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A queue is a method used to distribute work across machines or threads by defining a FIFO queue of work to be done.

Queue Systems

  • Amazon Simple Queue Service
  • Celery (in the Python world)
    • easy to use, but quite large.
    • can use Redis or RabbitMQ as the backend
  • beanstalkd – lightweight protocol based on memcached [1]
  • gearman – historically been fairly commonly used in the PHP community
  • Google App Engine Task Queue
  • PostgreSQL – supports pub-sub broadcasting through LISTEN/NOTIFY
  • RabbitMQ
    • Highly scalable message queue system written in Erlang
    • Implements the AMQP standard.
    • Supports broadcasting as well as 1-to-1 messaging etc.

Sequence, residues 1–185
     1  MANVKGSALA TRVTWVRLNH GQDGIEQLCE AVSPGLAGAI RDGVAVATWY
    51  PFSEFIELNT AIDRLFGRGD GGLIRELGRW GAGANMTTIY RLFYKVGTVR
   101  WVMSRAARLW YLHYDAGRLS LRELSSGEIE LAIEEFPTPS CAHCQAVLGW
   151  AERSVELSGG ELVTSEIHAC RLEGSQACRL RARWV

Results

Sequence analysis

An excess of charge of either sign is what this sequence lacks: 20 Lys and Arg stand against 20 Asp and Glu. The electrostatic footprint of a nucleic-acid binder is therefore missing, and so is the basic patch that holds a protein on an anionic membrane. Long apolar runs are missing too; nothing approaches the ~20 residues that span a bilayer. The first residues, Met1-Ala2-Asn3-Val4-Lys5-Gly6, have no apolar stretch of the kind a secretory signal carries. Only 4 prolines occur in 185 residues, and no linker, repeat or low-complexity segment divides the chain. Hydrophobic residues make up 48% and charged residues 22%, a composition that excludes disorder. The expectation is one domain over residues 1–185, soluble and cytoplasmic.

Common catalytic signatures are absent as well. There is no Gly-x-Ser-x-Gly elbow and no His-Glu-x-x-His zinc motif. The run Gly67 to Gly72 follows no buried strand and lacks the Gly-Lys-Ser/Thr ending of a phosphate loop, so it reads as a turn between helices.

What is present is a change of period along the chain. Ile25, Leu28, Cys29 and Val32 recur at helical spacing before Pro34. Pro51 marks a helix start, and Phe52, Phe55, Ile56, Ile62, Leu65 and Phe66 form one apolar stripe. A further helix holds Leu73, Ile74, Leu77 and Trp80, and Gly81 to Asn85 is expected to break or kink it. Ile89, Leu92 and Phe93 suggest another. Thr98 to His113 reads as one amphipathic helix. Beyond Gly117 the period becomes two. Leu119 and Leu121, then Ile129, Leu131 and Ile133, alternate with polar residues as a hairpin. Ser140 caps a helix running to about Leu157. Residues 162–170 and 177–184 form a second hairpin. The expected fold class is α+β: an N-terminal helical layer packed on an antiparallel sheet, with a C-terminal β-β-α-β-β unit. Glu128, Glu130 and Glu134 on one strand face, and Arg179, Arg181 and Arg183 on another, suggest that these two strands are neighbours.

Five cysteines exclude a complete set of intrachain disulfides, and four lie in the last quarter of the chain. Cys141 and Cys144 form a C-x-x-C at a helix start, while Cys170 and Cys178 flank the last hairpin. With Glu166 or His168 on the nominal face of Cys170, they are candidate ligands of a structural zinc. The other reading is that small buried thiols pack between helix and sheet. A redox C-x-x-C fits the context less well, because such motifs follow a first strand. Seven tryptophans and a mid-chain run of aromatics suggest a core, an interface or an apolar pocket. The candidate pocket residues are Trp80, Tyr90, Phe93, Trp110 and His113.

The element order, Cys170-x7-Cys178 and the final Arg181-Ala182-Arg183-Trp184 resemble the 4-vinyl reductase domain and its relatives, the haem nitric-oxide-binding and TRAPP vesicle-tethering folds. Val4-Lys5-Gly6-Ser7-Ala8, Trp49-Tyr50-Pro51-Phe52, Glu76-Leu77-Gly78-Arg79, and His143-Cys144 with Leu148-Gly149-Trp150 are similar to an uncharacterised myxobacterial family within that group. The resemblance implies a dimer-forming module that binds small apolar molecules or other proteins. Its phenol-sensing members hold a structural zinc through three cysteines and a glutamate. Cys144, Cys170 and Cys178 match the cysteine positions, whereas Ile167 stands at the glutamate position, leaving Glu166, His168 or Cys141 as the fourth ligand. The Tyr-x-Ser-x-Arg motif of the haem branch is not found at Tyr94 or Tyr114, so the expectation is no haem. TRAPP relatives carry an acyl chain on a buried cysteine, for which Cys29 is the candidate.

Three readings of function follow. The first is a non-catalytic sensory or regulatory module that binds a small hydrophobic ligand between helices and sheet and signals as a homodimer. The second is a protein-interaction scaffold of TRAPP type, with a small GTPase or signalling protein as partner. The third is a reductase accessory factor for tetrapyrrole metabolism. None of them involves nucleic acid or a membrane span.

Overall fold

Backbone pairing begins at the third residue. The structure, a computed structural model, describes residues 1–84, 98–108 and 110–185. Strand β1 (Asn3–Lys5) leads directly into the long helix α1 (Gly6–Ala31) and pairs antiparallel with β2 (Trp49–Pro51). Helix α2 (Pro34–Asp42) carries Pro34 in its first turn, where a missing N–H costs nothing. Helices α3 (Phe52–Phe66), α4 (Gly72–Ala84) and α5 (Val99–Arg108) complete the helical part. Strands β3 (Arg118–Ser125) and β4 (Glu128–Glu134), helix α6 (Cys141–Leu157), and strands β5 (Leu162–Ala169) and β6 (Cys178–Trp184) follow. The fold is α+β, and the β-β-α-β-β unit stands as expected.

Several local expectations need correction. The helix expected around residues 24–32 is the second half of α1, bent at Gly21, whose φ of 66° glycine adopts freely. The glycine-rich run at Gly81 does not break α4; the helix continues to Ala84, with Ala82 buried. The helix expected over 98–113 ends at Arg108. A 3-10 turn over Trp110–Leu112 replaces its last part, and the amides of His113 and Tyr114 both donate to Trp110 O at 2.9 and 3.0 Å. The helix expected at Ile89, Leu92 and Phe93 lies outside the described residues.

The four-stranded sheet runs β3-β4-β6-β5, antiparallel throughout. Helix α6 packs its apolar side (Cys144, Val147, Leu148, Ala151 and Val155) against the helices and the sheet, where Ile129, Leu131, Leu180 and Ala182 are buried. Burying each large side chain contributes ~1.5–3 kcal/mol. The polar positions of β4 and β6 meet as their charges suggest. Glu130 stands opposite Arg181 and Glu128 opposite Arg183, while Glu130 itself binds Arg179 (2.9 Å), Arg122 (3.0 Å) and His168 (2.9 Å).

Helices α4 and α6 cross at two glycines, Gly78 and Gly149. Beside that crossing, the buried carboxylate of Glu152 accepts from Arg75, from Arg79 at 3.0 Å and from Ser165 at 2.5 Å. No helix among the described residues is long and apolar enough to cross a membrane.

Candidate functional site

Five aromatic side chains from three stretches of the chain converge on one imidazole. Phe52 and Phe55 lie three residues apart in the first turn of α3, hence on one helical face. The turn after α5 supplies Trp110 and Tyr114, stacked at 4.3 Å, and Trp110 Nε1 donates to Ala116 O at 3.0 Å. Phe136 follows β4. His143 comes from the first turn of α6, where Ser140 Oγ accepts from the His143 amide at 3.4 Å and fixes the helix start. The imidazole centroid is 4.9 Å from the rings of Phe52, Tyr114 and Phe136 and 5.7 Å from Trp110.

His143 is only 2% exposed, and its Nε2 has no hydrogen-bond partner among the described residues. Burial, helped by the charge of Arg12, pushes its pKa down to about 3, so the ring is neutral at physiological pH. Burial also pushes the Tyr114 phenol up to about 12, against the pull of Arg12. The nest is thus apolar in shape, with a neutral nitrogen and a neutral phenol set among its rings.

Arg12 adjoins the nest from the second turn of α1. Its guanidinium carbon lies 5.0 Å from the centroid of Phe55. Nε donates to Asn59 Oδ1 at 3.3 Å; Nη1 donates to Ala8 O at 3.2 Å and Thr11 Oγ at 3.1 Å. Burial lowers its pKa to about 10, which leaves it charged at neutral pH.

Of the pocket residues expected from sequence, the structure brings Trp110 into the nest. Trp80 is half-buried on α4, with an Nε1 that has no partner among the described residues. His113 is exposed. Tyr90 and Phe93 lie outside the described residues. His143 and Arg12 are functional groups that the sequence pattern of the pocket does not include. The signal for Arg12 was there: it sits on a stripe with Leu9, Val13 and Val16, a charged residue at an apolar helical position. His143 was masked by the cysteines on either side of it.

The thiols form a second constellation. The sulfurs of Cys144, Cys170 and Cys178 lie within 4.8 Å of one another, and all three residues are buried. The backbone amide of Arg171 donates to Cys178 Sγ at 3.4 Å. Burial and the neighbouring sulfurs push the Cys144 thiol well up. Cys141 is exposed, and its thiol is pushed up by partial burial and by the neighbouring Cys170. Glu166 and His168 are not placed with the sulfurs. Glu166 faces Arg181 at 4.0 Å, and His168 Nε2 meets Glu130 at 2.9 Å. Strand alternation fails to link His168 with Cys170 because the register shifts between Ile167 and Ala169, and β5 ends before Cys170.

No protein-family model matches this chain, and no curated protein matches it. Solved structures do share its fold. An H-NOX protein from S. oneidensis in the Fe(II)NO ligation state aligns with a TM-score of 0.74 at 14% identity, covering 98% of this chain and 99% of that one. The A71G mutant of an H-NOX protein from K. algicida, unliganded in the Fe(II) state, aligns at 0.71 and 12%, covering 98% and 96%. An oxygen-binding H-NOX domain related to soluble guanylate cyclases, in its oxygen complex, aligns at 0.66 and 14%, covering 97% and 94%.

• Redis – a general key-value store that can store various data structures, including a FIFO queue.
  • uWSGI spooler
    • part of uWSGI
    • Simple file-based spool, similar in concept to mail spools
    • Processes 1 task every n-seconds, which means there is an unnecessary lag between queueing and processing. Probably more suitable for large background tasks.
    • lacking documentation

IndieWeb Examples

IndieWeb users using this approach


  • Make an entry somewhere for the task and then have a cron do it. You could also use a web bug.

Queues and Brokers

Many message queues are also message brokers as they have to translate the incoming messages into other formats or protocols to allow the clients/consumers to receive them. RabbitMQ is a very common example of a Message Broker that is often called a Queueing System. At it's core RabbitMQ implements AMQP and then has quite a few delivery and filtering methods that enable consumers to receive messages.

Another example of a broker that has queue like behaviour is Google PubSub. This Wikipedia page on brokers has quite a good definition of the differences.

See also